Over the past year I have had the joy and privilege to go on two extraordinary walks. At this time last year I was in the middle of a 35 days walk of over 1000 km across the north of Spain, following the accent Camino de Santiago. As of this writing I have just returned from a much shorter (thank God) walk of 5 days, 79 km on the Salcantay Glacier Trek, up and down through the Andes in Peru to Machu Picchu. While both of these “walks” were in very different settings and very, very different terrains, they have many things in common. The key similarity being that they are both associated with a destination. The Camino ends at the Cathedral of Santiago or St. James in Santiago de Compostela, Spain. Santiago is the traditional burial site of the recovered bones of St. James the Apostle and has been a major pilgrimage site for over 1400 years. Machu Picchu is the famed “Lost City” of the Inca “discovered” by Yale archeologist and explorer Hiram Bingham in 1911 after being lost to the jungle during the Incan genocide perpetrated by the Spanish Conquistadors under the command of Francisco Pizarro in the 1530s.

While both these walks are to someplace, it is not the destinations but the journeys that I will never forget. Traveling on foot, sometimes with great difficulty, and breaking bread three times a day with once strangers, is possibly one of the fastest and most ordinary yet extraordinary ways to get to know others and yourself and to build community. Jesus understood and practiced this throughout his ministry. Whether it was on the road to Galilee or the road to Emmaus, Jesus spent time walking, talking and eating. These are three of the most human of activities, yet we tend to rush through them. We more often then not walk simply to get somewhere and eat in a hurry, frequently in silence, to get to our next task.

If I have learned anything in the past 51 years and in particular in walking and talking with strangers or my loved ones through life, it is that – it is not the destination that makes us who we are but the journey.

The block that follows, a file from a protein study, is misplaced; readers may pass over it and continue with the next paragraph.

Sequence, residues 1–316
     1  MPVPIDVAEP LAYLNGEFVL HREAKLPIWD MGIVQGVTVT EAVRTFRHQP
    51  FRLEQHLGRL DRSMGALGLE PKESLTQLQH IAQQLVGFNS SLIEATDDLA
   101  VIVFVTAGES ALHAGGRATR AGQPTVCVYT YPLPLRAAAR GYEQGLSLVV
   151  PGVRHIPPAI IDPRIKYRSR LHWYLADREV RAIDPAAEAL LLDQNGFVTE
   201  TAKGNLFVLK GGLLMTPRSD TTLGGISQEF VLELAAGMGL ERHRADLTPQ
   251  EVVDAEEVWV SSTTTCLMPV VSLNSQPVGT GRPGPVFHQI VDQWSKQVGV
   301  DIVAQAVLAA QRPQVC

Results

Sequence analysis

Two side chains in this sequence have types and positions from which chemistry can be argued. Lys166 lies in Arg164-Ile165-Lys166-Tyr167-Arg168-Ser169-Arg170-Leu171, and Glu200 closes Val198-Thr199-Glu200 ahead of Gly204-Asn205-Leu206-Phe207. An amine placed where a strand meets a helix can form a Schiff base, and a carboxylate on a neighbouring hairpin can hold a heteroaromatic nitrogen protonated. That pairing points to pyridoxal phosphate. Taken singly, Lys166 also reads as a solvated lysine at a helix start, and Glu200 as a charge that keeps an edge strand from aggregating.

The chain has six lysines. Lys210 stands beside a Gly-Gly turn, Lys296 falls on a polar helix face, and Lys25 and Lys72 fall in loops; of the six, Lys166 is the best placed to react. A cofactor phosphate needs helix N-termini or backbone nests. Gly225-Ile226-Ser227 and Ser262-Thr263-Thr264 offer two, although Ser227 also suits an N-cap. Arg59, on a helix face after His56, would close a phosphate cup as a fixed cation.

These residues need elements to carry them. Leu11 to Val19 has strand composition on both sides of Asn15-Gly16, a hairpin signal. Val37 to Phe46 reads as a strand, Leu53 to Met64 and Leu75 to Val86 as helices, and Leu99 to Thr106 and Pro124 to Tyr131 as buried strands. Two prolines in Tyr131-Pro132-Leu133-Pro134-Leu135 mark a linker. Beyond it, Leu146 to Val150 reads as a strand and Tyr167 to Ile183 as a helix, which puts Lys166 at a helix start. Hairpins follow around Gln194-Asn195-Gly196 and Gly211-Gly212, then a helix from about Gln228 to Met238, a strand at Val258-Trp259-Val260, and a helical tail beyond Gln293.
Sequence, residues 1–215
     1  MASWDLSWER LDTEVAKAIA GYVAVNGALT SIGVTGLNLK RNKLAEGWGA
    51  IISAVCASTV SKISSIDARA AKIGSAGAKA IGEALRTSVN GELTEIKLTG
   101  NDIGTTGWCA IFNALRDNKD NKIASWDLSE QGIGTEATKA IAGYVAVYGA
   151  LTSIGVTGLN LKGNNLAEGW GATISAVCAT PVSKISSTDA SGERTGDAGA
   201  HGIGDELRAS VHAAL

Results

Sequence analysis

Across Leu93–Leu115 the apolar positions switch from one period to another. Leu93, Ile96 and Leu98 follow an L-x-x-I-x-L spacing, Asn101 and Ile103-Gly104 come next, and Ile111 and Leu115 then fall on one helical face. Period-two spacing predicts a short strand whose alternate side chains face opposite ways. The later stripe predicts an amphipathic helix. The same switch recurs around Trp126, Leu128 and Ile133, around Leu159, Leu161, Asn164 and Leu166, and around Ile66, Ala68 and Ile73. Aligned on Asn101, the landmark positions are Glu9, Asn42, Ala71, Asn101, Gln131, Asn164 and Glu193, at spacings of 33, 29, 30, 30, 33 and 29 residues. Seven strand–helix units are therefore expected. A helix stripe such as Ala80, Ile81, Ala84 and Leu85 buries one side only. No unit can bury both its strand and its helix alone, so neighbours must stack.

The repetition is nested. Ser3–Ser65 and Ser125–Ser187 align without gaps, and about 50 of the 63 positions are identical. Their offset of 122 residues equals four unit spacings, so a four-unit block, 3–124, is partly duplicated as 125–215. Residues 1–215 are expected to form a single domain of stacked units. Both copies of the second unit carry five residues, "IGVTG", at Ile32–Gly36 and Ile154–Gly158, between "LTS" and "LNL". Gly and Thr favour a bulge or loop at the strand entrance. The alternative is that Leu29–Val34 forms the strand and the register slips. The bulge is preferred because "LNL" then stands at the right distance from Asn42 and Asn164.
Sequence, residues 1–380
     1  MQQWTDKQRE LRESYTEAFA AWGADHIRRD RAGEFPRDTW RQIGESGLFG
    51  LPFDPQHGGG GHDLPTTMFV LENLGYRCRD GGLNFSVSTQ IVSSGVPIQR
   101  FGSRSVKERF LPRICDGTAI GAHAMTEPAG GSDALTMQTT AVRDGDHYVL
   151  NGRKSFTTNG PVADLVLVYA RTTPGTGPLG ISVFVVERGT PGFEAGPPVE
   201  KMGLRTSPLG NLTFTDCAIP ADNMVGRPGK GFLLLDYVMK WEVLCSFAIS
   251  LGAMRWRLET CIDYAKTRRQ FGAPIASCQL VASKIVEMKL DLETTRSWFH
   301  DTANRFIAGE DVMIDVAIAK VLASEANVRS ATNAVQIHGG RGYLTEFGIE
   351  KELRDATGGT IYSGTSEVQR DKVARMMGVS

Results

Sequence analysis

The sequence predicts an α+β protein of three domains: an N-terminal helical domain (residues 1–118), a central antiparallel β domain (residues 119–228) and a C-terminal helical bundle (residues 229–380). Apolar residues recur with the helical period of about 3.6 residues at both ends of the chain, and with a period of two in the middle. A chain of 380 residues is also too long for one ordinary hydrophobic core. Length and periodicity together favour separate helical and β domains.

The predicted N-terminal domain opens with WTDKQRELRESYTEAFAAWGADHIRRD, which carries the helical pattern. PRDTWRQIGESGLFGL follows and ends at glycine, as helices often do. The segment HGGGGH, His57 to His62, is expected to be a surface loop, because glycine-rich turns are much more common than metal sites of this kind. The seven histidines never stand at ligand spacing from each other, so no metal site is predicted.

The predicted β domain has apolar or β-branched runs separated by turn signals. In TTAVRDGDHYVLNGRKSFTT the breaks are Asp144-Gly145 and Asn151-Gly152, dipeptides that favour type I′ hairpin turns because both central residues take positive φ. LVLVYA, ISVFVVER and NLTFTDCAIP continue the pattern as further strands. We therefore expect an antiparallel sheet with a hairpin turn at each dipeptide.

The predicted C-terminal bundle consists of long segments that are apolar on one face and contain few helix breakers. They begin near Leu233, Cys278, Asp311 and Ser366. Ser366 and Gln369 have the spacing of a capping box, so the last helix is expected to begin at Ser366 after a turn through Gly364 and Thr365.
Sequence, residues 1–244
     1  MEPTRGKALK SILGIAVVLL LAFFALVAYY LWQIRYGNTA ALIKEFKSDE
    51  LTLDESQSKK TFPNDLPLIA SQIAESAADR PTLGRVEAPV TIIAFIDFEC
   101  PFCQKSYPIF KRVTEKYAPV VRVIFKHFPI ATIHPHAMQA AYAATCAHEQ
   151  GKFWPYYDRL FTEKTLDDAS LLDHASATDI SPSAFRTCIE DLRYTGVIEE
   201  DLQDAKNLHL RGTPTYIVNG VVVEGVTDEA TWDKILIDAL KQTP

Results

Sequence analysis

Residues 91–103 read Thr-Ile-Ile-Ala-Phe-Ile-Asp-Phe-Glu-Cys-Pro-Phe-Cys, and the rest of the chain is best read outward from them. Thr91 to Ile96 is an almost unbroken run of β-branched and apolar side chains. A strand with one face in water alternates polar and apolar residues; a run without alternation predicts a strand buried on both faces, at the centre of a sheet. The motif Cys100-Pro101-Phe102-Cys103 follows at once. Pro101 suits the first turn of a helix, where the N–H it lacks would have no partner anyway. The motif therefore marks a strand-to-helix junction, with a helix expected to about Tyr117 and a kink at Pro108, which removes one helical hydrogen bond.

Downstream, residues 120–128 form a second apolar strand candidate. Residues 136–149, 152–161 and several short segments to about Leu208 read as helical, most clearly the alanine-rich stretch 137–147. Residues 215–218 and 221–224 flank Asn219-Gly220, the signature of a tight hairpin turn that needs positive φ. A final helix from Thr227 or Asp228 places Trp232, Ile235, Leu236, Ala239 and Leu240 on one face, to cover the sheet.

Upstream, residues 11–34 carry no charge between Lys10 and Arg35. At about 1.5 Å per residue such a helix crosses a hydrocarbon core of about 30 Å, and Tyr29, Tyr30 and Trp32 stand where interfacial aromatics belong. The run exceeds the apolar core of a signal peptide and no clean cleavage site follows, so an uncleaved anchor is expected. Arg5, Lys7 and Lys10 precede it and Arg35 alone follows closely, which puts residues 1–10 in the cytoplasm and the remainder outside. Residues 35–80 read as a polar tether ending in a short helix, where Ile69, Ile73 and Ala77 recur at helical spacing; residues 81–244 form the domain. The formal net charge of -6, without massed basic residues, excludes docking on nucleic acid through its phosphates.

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The Salkantay Trail – the who, what and where of my time in Peru.

Now that I am back home and have both reliable internet access and have had some time to reflect, I figured I would post a couple of blog entries over the next couple of days. This first post will be some facts (the who, what and where of it all) and a few images from my short time trekking in Peru. The next, will hopefully be a little more reflective, an opportunity for me to share a few thoughts on what this time away has meant to me.

When I first conceived of this idea of trekking/hiking to Machupicchu in the Peruvian Andes I had assumed that I would go by way of the “Classic Inca Trail.” After a little research I came to the conclusion that this route was far more crowded than I would enjoy. So, I did a little research and found that a few years ago a new trail was developed to take some of the pressure off of the Inca Trail. This sounded perfect, so I booked my guide and paid my money for what is called “The Salkantay Trail.” So called because of the fact that on the second day we hiked to the Salkantaypampa or Salkantay Glacier at the altitude of 15,200 feet (the highest point on the trek). Me being me, I had gotten so excited about this trip and the new route I had not thoroughly read the information on it. Yes, I had read all the “important” stuff like cost, date and what was included and not included, but I had not read the route description completely. As it turned out, the route I had chosen was much higher, steeper and longer (both in miles and days) than the Inca Trail. Once I discovered this, I have to say I was a little concerned. As a 51-year-old man who is not in bad shape but could use to lose a fare bit of weight, I thought this might not be the best of ideas – but that has never stopped me and hopefully never will. No guts no glory, no pain no gain – after all this was supposed to be an adventure, a personal, physical, spiritual and psychological challenge. AND IT WAS.